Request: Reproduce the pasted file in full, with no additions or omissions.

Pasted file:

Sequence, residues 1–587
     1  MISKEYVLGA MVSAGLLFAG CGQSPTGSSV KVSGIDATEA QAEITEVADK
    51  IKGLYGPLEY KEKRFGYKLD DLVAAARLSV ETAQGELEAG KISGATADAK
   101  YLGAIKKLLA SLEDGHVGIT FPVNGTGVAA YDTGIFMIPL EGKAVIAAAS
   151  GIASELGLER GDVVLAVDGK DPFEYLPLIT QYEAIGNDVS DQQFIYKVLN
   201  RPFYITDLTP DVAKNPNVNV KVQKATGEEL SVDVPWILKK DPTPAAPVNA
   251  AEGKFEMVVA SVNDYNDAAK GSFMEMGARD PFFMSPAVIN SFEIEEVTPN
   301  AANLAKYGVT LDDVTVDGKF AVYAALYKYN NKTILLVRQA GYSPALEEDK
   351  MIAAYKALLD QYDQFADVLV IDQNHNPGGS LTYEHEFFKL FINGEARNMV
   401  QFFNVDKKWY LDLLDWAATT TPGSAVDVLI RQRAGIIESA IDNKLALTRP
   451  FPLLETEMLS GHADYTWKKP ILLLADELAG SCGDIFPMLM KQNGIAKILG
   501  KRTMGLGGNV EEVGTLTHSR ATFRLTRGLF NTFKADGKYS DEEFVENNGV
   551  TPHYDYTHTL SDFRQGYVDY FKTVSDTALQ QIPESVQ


Sequence, residues 1–587
     1  MISKEYVLGA MVSAGLLFAG CGQSPTGSSV KVSGIDATEA QAEITEVADK
    51  IKGLYGPLEY KEKRFGYKLD DLVAAARLSV ETAQGELEAG KISGATADAK
   101  YLGAIKKLLA SLEDGHVGIT FPVNGTGVAA YDTGIFMIPL EGKAVIAAAS
   151  GIASELGLER GDVVLAVDGK DPFEYLPLIT QYEAIGNDVS DQQFIYKVLN
   201  RPFYITDLTP DVAKNPNVNV KVQKATGEEL SVDVPWILKK DPTPAAPVNA
   251  AEGKFEMVVA SVNDYNDAAK GSFMEMGARD PFFMSPAVIN SFEIEEVTPN
   301  AANLAKYGVT LDDVTVDGKF AVYAALYKYN NKTILLVRQA GYSPALEEDK
   351  MIAAYKALLD QYDQFADVLV IDQNHNPGGS LTYEHEFFKL FINGEARNMV
   401  QFFNVDKKWY LDLLDWAATT TPGSAVDVLI RQRAGIIESA IDNKLALTRP
   451  FPLLETEMLS GHADYTWKKP ILLLADELAG SCGDIFPMLM KQNGIAKILG
   501  KRTMGLGGNV EEVGTLTHSR ATFRLTRGLF NTFKADGKYS DEEFVENNGV
   551  TPHYDYTHTL SDFRQGYVDY FKTVSDTALQ QIPESVQ